In this case, space out the time between watering. Optionally, add materials, such as pumice or perlite, to improve soil drainage.
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Learn to treat pests, vitamin deficiencies and other common pepper plant problems with this illustrated ebook. It’ll help you take action before things get out of hand!
Peppers In The Ground vs Container Grown Peppers
Growing pepper plants in the ground requires less water than plants growing in containers. The Old Farmer’s Almanac recommends giving your vegetable garden one inch of water per week. This water amount should be broken up into three days a week.
It’s more important to feel the garden soil for dryness rather than just following the 1-inch rule. Stick your finger in the top inch of soil, and see if you can form a ball in your hand to see if your garden needs water or not. You can also use a moisture meter to determine the water level in the ground as well as the soil pH.
Does Lack Of Water Make Peppers Hotter?
Have you ever wondered if underwatering causes spicier chili peppers? It does for some hot pepper cultivars [source]. Capsaicin production — the chemical substance that makes peppers hot — increases when plants get less water.
Before you start withholding water, let your plants mature enough until the pepper fruit comes in. After that, you can let plants get dry until the leaves start wilting.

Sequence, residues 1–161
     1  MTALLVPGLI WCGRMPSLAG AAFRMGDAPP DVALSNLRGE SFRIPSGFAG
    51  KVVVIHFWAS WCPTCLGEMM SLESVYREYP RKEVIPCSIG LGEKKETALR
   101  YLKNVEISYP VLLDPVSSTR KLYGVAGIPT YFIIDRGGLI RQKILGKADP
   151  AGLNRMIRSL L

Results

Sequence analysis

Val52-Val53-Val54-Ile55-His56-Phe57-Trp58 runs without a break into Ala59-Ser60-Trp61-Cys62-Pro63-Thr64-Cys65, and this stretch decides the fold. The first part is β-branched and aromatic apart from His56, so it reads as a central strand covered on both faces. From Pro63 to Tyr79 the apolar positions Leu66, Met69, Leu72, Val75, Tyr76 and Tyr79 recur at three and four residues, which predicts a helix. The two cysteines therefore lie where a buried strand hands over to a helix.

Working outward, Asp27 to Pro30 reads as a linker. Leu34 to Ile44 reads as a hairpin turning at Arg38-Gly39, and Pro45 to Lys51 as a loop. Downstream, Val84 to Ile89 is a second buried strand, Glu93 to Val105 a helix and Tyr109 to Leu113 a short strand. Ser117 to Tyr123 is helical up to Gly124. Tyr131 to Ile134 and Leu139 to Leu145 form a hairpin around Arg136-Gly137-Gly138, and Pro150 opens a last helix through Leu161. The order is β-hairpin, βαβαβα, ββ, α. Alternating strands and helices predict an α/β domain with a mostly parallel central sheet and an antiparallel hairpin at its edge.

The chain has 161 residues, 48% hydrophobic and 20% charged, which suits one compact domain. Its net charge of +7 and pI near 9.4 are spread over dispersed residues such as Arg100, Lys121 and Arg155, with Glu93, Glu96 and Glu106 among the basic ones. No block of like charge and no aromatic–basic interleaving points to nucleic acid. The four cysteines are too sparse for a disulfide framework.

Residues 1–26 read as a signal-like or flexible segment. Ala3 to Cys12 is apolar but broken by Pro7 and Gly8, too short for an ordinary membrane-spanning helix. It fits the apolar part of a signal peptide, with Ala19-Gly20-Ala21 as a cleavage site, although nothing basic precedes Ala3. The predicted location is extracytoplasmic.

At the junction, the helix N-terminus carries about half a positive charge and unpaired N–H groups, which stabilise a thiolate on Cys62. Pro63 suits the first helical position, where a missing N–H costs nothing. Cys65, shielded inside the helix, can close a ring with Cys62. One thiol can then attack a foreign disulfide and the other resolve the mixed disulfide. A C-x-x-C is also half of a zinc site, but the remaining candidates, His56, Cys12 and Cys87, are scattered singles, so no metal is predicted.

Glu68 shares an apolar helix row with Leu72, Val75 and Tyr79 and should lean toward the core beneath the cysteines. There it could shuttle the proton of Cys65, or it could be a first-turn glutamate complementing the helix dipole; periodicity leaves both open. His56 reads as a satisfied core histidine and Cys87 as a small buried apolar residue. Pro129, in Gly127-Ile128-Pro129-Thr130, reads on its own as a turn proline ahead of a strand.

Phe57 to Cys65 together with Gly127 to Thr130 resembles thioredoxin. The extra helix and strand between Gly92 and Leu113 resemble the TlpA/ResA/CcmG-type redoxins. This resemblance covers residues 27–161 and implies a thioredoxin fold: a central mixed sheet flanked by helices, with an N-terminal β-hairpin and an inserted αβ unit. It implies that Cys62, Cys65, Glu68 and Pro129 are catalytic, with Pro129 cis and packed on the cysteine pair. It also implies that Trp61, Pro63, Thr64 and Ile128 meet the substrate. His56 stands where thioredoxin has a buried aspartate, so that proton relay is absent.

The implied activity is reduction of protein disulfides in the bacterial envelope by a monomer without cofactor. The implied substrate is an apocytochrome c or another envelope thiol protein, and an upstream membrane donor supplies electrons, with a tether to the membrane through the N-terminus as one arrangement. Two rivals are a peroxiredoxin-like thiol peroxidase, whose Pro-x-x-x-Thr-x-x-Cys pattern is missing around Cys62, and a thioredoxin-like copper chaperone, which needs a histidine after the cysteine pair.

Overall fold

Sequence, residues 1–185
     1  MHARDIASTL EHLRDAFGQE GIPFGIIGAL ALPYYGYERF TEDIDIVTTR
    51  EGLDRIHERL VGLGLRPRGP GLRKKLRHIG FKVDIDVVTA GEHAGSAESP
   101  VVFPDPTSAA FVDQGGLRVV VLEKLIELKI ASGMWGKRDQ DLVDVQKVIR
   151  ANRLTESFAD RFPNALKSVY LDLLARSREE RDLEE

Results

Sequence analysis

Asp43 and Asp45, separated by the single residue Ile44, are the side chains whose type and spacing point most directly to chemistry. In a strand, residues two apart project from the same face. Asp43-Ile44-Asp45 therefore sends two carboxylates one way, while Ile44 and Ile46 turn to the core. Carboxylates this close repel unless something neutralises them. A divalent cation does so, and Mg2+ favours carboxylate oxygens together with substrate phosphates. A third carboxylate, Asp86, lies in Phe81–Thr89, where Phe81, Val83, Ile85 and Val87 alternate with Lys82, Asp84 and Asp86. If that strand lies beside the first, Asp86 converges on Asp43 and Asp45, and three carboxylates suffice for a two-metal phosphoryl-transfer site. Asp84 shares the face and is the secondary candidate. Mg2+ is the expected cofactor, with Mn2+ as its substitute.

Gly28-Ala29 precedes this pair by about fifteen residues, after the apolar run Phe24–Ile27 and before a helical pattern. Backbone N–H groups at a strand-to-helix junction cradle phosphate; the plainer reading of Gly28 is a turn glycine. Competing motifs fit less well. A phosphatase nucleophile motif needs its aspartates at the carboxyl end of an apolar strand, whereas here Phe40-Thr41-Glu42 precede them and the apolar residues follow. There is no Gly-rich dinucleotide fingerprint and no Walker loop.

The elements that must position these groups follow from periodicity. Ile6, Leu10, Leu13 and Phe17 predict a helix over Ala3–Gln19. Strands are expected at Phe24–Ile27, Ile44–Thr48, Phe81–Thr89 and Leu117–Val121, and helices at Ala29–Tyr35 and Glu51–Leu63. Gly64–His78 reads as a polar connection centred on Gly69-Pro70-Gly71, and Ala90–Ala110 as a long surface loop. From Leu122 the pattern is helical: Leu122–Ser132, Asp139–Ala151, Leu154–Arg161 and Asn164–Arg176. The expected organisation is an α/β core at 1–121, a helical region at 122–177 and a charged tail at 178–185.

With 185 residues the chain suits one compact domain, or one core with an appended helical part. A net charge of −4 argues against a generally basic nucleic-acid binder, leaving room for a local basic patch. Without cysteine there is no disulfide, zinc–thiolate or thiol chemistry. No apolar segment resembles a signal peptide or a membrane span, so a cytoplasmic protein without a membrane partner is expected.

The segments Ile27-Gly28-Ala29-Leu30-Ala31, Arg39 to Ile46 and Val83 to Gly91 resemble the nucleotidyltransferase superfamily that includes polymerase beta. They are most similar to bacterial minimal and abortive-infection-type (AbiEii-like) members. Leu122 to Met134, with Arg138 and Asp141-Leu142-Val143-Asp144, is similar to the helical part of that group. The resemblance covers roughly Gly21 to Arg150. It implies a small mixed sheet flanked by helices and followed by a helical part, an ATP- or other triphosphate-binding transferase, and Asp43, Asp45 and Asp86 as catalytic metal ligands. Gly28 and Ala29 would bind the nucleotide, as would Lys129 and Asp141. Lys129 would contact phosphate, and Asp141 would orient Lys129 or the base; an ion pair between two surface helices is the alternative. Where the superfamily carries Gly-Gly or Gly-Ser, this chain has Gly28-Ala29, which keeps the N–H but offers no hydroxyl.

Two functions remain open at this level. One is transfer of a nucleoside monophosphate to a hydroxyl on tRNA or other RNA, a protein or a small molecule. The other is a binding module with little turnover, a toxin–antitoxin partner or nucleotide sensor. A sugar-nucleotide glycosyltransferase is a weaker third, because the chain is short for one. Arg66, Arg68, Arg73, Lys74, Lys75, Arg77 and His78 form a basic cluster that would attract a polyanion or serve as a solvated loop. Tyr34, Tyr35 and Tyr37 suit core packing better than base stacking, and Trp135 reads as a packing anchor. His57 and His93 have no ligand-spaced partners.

One caveat is that you may get fewer chilies because of the water stress. But the peppers you get should be hotter and more tasty — restricting water is known to intensify flavor too!
How To Water Plants When Away (DIY)
If you’re going away for more than a few days, you can create a DIY watering system using plastic drink bottles with caps.
Here’s what I did when I left my potted plants for two weeks.
- Use a nail or sharp tool to poke a few small holes in each cap.
- Fill your bottles with water, and screw the caps back on.
- Hold your bottle upside down to make sure water drips out.
- Stick your bottles capside-down in the soil. (I use two water bottles for each 5-gallon pot, but you may want to experiment before you leave.)
For in-ground peppers, you can use a hose timer with your irrigation setup to automate your watering while you’re away.
Watering Pepper Plants FAQs